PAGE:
Here is one of his prayers for that intention.

Eternal Father, I humbly adore Thee, and thank Thee for having created me, and for having redeemed me through Jesus Christ. I thank Thee most sincerely for having made me a Christian, by giving me the true faith, and by adopting me as Thy son, in the sacrament of baptism. I thank Thee for having, after the numberless sins I had committed, waited for my repentance, and for having pardoned (as I humbly hope) all the offences which I have offered to Thee, and for which I am now sincerely sorry, because they have been displeasing to Thee, who art infinite goodness. I thank Thee for having preserved me from so many relapses, of which I would have been guilty if Thou hadst not protected me. But my enemies still continue, and will continue till death, to combat against me, and to endeavor to make me their slave. If Thou dost not constantly guard and succor me with thy aid, I, a miserable creature, shall return to sin, and shall certainly lose Thy grace. I beseech Thee, then, for the love of Jesus Christ, to grant me holy perseverance unto death. Jesus, Thy Son, has promised that Thou wilt grant whatsoever we ask in his name. Through the merits, then, of Jesus Christ, I beg, for myself and for all the just, the grace never again to be separated from Thy love, but to love Thee forever, in time and eternity. Mary, Mother of God, pray to Jesus for me.

St. Alphonsus writes this in his book Preparation for Death.

When banished from a soul, the devil finds no repose, and does everything in his power to return: he even calls companions to his aid; and if he succeeds in re-entering, the second fall of that soul will be far more ruinous than the first. Consider, then, what arms you must use in order to defend yourselves against these enemies, and to preserve your soul in the grace of God. To escape defeat, and to conquer the devil, there is no other defense than prayer. St. Paul says that we have to contend, not with men of flesh and blood like ourselves, but with the princes of hell. Our wrestling is not against flesh and blood, but against principalities and powers (Eph. vi, 12).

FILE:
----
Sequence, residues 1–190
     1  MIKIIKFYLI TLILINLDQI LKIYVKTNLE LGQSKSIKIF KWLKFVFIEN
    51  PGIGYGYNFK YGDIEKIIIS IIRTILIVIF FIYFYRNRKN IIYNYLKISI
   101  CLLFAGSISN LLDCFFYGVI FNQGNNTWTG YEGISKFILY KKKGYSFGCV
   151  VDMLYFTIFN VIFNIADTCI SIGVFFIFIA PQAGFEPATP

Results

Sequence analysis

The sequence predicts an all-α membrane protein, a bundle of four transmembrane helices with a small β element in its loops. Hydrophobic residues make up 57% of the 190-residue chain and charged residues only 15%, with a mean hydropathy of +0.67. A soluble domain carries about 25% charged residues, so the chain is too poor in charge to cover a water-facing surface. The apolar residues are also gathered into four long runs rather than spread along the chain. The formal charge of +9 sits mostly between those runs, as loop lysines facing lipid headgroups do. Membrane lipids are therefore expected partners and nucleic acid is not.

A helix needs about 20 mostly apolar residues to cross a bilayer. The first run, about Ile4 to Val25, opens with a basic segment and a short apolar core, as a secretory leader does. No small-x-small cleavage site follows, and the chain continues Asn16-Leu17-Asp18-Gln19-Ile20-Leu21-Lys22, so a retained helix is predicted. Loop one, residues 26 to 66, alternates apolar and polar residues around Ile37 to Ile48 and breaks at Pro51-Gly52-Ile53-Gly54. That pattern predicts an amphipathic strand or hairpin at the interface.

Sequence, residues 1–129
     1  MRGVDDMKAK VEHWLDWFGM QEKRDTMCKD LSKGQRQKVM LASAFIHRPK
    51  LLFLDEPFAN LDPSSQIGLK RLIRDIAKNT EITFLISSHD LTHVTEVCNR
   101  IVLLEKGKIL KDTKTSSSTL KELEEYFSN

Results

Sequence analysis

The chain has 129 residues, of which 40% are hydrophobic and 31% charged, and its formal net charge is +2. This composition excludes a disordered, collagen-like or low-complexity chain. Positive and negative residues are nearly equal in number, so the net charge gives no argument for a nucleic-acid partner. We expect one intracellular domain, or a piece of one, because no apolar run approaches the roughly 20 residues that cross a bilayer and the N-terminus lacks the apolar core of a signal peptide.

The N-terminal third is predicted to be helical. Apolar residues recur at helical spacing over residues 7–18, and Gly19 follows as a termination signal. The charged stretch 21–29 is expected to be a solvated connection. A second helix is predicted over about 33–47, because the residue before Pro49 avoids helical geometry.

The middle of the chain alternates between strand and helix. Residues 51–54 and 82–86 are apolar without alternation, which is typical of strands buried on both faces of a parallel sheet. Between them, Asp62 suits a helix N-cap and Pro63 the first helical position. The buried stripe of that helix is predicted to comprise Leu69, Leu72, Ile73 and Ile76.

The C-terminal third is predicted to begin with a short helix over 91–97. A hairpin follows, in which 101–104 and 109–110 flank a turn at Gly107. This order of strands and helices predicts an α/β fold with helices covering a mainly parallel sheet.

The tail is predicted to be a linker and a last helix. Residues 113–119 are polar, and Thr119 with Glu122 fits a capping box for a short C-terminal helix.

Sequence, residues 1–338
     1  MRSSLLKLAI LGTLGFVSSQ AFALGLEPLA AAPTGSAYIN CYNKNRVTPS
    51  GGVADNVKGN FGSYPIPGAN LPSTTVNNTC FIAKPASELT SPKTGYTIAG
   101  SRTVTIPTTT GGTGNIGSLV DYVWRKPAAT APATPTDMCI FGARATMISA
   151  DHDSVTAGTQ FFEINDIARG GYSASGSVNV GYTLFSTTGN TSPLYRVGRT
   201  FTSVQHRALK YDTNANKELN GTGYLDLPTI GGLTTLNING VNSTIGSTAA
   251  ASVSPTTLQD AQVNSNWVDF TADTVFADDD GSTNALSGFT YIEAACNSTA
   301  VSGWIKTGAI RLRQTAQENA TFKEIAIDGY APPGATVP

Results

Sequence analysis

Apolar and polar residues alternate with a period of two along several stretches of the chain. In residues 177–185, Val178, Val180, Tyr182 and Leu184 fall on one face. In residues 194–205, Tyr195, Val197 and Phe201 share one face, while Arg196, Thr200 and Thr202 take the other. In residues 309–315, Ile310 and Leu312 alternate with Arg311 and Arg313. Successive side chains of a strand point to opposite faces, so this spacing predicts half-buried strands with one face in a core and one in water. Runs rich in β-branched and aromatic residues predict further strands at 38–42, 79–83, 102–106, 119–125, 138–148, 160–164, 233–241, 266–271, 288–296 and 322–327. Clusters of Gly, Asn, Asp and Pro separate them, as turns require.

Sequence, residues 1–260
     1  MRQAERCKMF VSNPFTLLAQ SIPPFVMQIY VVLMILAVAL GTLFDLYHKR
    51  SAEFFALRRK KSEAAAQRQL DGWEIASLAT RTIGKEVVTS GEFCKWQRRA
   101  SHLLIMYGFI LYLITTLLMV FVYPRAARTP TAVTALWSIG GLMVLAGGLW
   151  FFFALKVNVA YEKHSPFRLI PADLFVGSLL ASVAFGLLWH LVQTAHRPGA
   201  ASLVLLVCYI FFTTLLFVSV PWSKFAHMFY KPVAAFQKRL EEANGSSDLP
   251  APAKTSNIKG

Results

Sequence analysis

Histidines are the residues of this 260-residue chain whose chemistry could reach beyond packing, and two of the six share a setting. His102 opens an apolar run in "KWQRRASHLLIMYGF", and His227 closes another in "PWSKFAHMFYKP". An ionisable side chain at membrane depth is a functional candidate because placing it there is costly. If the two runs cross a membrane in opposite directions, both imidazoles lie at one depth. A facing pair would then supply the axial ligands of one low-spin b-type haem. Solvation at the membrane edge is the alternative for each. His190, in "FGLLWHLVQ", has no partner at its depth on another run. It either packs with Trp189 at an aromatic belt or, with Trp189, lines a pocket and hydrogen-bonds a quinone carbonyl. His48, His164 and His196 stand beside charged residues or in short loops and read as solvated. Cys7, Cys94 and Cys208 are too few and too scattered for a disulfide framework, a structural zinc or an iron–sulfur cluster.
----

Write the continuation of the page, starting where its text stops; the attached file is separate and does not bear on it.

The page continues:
By these words the Apostle wished to admonish us that we have not strength to resist such powerful enemies, and that we stand in need of aid from God. With his aid we shall be able to do all things. I can do all things in Him that strengthened me (Phil. iv, 13). Such is the language of St. Paul; such, too, should be our language. But this divine aid is given only to those who pray for it. Ask and you shall receive. Let us, then not trust in our purposes; if we trust in them, we shall be lost. Whenever the devil tempts us, let us place our entire confidence in the divine assistance, and let us recommend ourselves to Jesus Christ, and to the Most Holy Mary.

This is why we need the prayer….

Ernest Hoffman is a retired educator living in Europe

JMJ, pray for us.

God is good,

Jay

2 comments on “On the Grace of Final Perseverance – Part 1”

  1. On Sat, May 26, 2018 at 5:16 AM HOPE IN THE STORM wrote:

    > Jay Toups posted: “The Germans have a saying, Anfangen ist leicht, > beharren eine Kunst. This translates, “To begin is easy, to persist is an > art.” When speaking of the grace of final perseverance, I would add, “to > persist is to have a particular grace.” There are at leas” >